This is where PRICK UP YOUR EARS succeeds while so many other biopics fail: while it does not shy away from the sensationalistic aspects of Orton's life, it never neglects the complex relationship beating at the center of the narrative. I can safely say it's one of the rare cases where I found myself relating on a human level to the biographical subjects, instead of dryly watching them from afar.
Director Stephen Frears deserves kudos for his warm, understated approach. It's almost hard to praise his directing because it's so unobtrusive; but this is exactly his strong point. He is confident in the story's inherent power, so he wisely gets out of the way and lets it unfold naturally.
And he is helped marvelously by the uniformly great performances; there simply isn't a wrong note struck by the cast. Even supporting roles, like those of Orton's sister and brother-in-law, feel like real human beings. Of course, the real standouts are Oldman, Molina and Redgrave.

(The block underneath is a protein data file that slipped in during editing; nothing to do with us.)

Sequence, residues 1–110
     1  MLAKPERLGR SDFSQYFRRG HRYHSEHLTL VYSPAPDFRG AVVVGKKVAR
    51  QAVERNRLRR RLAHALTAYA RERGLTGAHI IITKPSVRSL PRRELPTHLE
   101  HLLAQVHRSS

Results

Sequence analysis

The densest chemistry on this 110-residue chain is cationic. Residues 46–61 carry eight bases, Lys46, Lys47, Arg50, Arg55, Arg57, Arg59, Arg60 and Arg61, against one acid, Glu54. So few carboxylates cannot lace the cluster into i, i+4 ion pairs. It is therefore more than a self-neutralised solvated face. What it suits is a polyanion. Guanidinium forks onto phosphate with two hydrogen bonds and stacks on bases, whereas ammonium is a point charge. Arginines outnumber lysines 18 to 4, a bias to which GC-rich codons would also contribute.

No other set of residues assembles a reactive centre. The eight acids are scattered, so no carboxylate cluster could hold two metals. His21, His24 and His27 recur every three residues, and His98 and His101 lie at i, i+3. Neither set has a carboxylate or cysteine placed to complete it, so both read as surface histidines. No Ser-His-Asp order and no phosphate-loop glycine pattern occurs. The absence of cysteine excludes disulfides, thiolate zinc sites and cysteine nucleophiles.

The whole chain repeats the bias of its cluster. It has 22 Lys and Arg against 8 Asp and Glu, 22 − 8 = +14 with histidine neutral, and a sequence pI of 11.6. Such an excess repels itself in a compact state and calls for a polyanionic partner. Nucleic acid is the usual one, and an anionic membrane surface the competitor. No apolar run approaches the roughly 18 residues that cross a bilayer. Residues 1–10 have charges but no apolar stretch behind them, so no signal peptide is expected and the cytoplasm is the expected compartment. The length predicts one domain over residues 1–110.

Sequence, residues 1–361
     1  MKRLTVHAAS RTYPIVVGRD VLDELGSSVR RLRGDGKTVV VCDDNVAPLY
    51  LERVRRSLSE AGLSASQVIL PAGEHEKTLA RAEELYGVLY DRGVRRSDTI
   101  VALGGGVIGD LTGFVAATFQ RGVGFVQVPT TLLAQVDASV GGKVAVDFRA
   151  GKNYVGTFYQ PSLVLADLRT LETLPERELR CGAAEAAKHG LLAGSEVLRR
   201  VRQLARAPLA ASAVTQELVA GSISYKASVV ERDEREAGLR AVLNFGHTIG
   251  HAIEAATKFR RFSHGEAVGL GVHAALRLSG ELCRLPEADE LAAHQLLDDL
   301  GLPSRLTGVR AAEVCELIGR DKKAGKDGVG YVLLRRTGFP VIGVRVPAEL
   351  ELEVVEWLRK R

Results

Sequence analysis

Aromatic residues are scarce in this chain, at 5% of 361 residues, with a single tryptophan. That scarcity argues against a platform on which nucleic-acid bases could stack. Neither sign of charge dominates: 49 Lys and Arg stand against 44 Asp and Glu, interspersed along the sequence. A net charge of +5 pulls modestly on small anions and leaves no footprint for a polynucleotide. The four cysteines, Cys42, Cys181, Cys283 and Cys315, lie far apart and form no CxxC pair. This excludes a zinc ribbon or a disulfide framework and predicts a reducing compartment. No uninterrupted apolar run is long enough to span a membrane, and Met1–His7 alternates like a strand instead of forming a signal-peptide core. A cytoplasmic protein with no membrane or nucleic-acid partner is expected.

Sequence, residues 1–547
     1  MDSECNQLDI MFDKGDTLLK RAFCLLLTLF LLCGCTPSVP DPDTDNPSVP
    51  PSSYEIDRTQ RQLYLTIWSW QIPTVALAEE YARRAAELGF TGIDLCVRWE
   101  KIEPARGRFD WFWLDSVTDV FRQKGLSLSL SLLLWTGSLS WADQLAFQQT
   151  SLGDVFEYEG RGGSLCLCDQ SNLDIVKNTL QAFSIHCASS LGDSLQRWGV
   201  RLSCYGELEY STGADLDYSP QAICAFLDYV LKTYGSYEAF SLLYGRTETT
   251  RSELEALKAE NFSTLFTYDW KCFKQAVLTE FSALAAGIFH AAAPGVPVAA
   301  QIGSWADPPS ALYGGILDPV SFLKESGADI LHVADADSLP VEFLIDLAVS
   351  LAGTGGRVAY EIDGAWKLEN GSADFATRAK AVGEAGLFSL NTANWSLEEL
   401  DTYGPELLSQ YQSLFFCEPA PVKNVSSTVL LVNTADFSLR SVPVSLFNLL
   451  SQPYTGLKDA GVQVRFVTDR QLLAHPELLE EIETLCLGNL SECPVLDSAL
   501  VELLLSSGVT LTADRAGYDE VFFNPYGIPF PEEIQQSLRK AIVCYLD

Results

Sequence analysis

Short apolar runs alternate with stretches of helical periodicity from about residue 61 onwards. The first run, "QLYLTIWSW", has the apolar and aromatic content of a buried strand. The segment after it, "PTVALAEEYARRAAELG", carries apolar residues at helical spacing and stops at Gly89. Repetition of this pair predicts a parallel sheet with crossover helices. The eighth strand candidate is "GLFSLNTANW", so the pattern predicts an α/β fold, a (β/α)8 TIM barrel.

Though his physical appearance isn't dramatically altered, Gary Oldman still seems unrecognizable compared to his previous work; this is how strongly he becomes Orton. His carefree swagger is by turns charming and infuriating. You understand why Halliwell is both entranced and insanely frustrated with him. He also looks a little bit like Dana Carvey - just by the by.
Molina is no less astonishing. Bald at 25, frustrated, neurotic, sexually incapable... the character is a hulking mass of awkwardness, but somehow he evokes tremendous sympathy. You alternately want to hug this guy and shake him silly. (The scene in which Orton is informed of his mother's death is heartbreaking - for both men's reactions.)
Meanwhile, Redgrave is a delight. Her line readings are exquisite and she gives the movie a crisp cleverness without crossing the line into self-indulgence.
For all the tragic and uncomfortable elements of Orton and Halliwell's relationship, the movie still features some hilarious scenes. The cheeky title, Orton and Halliwell's divergent accounts of their lifestyle together, the conversation with Brian Epstein, and Halliwell's "we were having a conversation" gave the movie a gleeful edge of naughtiness -- one the viewer suspects was strongly inspired by Orton's own approach to life and work.
In short, I highly recommend this movie. Though its description may seem sensationalistic -- a gay man brutally murders his successful young lover -- PRICK UP YOUR EARS triumphs as both a simple human drama and as a biography in which its subjects are made more intimate rather than more remote.